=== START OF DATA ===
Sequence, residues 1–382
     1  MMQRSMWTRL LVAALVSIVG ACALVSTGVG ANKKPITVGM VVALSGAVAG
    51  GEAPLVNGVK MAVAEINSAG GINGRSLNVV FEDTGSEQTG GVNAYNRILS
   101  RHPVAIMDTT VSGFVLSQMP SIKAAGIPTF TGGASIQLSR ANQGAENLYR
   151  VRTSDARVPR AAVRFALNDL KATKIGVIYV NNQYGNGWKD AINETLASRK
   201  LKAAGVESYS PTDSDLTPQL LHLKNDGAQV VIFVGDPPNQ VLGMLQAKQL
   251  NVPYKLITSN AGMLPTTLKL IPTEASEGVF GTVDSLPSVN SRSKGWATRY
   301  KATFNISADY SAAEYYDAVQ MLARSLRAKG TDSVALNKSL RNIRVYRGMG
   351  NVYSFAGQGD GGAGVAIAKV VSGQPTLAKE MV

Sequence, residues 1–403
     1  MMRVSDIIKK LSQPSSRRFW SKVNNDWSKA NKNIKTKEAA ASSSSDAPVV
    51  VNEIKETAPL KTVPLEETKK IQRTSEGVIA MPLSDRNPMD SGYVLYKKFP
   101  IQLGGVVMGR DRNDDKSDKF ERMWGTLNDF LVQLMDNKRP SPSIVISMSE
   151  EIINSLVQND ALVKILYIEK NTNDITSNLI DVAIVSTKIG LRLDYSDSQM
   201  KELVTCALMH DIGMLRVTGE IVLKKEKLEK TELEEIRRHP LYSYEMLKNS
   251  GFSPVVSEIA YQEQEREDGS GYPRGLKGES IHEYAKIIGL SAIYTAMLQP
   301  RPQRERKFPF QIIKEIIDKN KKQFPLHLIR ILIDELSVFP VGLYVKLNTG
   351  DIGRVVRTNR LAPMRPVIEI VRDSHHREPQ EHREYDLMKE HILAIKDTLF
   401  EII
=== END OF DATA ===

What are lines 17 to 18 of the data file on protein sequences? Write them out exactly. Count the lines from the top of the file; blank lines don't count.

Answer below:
   301  RPQRERKFPF QIIKEIIDKN KKQFPLHLIR ILIDELSVFP VGLYVKLNTG
   351  DIGRVVRTNR LAPMRPVIEI VRDSHHREPQ EHREYDLMKE HILAIKDTLF